COVID-19 NOTIFICATION: To protect your safety in response to the threat of COVID-19, our staff is still available to serve you during our normal office hours. We are offering our clients and potential clients the option to connect with us via telephone, email and video-conferencing. Please call or email us to discuss your options.

Recalls of defective medical devices on the rise

| Jul 2, 2016 | Defective Medical Devices

According to the Food and Drug Administration, the recalls of medical devices have been on the rise in recent years. Back in 2006, 4,500 deaths were linked to the use of medical devices. One of the biggest reasons for defective medical devices today — a problem that affects patients in West Virginia and other states — is design problems.

Since 2010, problems with the designs of medical devices have accounted for about 35 percent of the root causes of device recalls as determined by FDA or firm investigation. Design problems include labeling designs, process designs, software designs, packaging designs and component designs. Issues involving the design of a device are actually the most common cause of the recalls of medical devices.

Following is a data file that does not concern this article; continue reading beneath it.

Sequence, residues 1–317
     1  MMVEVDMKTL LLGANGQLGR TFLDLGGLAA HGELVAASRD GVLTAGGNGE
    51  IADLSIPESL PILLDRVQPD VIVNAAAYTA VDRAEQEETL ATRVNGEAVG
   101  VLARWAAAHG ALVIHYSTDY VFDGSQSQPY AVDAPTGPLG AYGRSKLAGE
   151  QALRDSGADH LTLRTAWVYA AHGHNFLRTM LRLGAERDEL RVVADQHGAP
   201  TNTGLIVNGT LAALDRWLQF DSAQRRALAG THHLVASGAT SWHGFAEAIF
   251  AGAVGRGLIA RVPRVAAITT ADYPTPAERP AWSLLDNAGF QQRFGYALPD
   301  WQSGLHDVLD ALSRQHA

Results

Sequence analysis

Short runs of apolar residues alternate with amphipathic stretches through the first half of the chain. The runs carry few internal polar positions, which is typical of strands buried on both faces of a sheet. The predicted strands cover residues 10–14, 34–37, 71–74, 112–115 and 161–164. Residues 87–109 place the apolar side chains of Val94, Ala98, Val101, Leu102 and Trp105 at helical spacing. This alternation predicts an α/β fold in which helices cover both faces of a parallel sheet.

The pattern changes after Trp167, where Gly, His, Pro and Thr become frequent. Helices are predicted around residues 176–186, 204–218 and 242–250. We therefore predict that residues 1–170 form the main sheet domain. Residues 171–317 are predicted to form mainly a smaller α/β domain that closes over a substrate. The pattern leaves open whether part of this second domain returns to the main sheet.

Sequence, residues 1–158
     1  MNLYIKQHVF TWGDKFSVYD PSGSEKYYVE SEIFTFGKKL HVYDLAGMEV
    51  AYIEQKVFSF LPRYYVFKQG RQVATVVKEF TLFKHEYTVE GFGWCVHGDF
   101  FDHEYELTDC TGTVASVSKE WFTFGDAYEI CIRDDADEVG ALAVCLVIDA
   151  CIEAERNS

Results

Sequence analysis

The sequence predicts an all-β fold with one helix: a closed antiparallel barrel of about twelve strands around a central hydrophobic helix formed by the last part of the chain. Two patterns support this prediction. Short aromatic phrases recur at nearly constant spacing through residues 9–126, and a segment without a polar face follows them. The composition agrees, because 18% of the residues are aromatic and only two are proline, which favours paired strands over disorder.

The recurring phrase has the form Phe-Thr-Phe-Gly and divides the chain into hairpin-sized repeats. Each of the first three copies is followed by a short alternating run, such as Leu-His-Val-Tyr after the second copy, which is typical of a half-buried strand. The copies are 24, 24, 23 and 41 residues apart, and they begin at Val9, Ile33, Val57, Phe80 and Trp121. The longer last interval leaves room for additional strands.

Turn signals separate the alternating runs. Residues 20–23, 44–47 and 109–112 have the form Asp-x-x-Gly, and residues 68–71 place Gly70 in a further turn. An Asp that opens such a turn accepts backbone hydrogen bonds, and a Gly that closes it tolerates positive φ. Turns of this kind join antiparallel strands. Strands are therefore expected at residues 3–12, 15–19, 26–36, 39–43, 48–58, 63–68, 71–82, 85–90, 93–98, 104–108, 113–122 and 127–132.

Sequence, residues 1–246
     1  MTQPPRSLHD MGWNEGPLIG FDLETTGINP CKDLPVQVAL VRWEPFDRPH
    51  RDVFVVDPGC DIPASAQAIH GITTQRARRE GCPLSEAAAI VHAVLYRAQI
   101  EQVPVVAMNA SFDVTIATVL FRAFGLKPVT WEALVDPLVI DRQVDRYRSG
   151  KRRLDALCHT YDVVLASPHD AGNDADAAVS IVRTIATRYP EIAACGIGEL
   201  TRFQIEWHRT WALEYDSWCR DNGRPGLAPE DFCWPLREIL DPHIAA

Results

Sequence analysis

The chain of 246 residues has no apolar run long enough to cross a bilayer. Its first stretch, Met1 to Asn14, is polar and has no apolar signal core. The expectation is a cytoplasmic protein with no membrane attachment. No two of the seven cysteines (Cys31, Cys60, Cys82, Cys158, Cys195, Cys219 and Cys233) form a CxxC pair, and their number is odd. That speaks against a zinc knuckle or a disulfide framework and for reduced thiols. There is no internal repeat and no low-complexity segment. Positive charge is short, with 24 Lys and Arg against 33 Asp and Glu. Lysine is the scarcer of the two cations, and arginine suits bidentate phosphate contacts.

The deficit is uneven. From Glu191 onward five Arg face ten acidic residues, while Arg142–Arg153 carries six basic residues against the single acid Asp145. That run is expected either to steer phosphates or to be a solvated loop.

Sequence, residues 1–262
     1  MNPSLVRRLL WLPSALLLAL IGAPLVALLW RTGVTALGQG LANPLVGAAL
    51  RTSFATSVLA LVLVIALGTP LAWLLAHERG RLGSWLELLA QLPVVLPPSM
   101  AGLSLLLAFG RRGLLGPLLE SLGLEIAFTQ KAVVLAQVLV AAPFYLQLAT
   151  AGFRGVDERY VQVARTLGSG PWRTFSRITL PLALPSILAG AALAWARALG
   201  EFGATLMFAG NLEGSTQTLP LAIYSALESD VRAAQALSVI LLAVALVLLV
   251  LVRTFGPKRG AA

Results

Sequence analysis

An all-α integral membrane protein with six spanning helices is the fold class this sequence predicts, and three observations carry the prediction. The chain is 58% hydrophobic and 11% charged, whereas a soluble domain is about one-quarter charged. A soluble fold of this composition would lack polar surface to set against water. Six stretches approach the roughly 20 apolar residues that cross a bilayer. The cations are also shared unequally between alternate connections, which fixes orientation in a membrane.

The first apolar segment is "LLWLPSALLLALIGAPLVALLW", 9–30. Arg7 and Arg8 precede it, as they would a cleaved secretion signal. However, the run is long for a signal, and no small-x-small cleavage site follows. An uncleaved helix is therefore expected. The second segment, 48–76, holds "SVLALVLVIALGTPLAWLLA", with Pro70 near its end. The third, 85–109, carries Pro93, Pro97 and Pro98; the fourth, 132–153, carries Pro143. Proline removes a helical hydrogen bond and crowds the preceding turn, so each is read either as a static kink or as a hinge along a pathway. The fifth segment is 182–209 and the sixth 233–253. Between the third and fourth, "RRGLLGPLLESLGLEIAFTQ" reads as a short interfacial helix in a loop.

Unfortunately, design-related defects are the most likely to lead to serious medical problems or even death. Equally unsettling is the fact that medical device companies are still struggling to figure out the correct mitigations for the recurrence of these hazards. Even when medical device companies try to emphasize safety to their employees in an effort to counteract the negative trend of rising medical device recalls, these safety behaviors tend to fade over time, thus creating an environment where another design error and subsequent recall is inevitable.

West Virginia patients who are harmed by defective medical devices have the right to seek justice through the civil court system. They can file product liability claims against the device manufacturers, seeking the reimbursement of damages sustained. Although monetary compensation cannot reverse the events that caused harm to a patient who used a defective medical device, it may help to provide closure in such a case.

Source:, “What’s Behind Medtech’s Recall Epidemic? Part 1: Device Design”, June 27, 2016